Insurance dominated Louisiana’s 2024 legislative session, with lawmakers and the newly elected Insurance Commissioner seeking to address the state’s property insurance crisis. 

After steadily rising over several years, insurance costs skyrocketed across the state after hurricanes Laura, Delta, Zeta, and Ida inflicted damage to hundreds of thousands of homes across South Louisiana in 2021 and 2022. The resulting property insurance claims and concern about the increasing frequency and intensity of severe wind events resulted in several insurance companies failing, and others stopped writing homeowners' policies or doing business in the state entirely. 

Insurance affordability and availability are both major problems for Louisiana homeowners and rental property owners. Many property owners are unable to get insurance companies to even offer them a policy, and those who can secure private insurance coverage face severe premium increases. 

Those who cannot find private insurance are forced to go to the Louisiana Citizens Property Insurance Corporation, the state insurer of last resort, where they face premium costs that are statutorily mandated to be more expensive than the highest premiums offered by private insurers. 

Newly elected Insurance Commissioner Tim Temple entered his first legislative session with the goal of increasing insurance affordability and availability by making Louisiana’s insurance regulatory climate more business-friendly with the hope of coaxing more insurers to write policies in the state. A series of bills backed by Temple were introduced that aimed to roll back or loosen regulations on insurance companies.  

Support for the most contentious bills often fell along partisan lines, with Republicans, insurance companies and trade groups lining up to promote the bills, and Democrats, housing advocates, and consumer-protection organizations opposing. Ultimately, the Republican majority was able to pass many of these measures, including:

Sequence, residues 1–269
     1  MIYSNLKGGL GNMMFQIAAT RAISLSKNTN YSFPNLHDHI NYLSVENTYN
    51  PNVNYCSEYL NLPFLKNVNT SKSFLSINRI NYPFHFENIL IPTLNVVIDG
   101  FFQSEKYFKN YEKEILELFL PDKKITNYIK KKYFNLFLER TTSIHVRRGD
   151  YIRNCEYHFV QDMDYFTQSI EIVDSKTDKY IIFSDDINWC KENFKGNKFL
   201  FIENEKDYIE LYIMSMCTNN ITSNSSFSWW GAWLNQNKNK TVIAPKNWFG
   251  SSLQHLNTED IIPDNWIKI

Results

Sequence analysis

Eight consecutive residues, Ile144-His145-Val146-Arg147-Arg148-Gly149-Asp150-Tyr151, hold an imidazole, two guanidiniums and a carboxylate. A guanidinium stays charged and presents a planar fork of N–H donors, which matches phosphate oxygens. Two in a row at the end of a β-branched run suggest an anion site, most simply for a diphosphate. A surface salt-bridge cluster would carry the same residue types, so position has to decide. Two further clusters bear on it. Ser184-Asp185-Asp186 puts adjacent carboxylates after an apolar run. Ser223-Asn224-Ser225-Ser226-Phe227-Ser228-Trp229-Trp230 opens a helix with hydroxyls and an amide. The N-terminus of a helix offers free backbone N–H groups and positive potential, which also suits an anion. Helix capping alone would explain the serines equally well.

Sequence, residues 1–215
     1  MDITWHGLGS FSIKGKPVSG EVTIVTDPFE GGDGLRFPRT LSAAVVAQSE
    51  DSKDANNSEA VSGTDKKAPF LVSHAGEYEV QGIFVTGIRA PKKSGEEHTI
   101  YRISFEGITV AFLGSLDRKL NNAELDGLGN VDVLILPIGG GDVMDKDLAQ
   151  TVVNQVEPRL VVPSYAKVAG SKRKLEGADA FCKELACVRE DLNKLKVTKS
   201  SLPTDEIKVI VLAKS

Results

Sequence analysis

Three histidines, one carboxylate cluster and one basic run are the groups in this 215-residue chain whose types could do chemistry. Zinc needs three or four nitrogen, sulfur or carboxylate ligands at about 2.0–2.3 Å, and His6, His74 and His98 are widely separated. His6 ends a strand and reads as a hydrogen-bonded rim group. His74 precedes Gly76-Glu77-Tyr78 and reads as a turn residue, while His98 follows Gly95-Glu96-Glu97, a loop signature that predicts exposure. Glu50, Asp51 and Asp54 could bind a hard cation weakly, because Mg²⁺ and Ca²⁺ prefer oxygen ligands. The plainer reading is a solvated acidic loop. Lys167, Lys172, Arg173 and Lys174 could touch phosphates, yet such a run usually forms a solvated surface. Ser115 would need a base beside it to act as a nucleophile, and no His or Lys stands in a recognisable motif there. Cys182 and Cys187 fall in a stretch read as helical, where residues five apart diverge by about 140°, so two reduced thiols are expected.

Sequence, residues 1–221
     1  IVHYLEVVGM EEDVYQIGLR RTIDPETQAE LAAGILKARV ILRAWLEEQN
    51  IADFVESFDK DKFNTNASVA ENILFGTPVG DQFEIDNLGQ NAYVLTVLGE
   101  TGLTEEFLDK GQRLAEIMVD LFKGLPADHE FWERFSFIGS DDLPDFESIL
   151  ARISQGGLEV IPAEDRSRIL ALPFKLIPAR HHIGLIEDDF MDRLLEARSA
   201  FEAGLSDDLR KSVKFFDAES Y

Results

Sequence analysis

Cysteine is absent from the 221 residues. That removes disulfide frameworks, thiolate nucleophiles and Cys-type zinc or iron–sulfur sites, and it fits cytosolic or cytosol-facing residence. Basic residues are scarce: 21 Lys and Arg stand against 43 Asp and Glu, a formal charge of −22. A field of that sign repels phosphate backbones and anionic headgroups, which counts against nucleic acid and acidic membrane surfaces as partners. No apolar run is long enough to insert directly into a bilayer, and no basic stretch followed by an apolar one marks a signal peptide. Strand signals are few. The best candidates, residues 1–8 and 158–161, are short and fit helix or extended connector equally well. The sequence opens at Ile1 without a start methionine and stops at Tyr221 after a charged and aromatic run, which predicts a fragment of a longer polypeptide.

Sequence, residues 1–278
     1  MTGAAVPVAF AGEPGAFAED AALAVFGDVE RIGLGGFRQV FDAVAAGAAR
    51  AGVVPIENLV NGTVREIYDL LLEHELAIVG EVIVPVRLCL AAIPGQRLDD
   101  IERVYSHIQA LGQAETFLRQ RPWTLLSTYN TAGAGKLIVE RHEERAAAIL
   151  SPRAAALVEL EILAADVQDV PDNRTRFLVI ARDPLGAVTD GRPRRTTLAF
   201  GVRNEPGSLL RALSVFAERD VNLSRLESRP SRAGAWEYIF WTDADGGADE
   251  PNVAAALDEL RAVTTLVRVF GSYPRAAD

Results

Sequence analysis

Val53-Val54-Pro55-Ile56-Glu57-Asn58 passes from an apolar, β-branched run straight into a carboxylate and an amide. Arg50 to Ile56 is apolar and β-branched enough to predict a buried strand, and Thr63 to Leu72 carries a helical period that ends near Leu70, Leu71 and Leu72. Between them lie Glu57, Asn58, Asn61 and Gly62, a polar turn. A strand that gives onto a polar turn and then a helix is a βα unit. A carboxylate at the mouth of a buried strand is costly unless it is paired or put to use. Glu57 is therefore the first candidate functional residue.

• House Bill 611 by Rep. Gabe Firment, the highest-profile bill in the commissioner’s agenda, removes the “three-year rule” which prohibited an insurance company from dropping homeowners it had insured for three years except under certain circumstances. The new law will remove the three-year requirement for new homeowner policies and policies in place less than three years. For policies currently in place for three years, insurance companies will be allowed to nonrenew up to 5% of total policies each year or more than 5% with the approval of the Insurance Commissioner. 
  • Senate Bill 295 by Sen. Heather Cloud makes it easier for insurance companies to raise rates by reducing to 30 days from 45 days the waiting period for rate increases to go into effect after filing with the Insurance Commissioner.  
  • Senate Bill 323 by Sen. Kirk Talbot gives insurance companies more time to settle claims and reduces penalties that may be assessed against insurance companies when found not acting in good faith.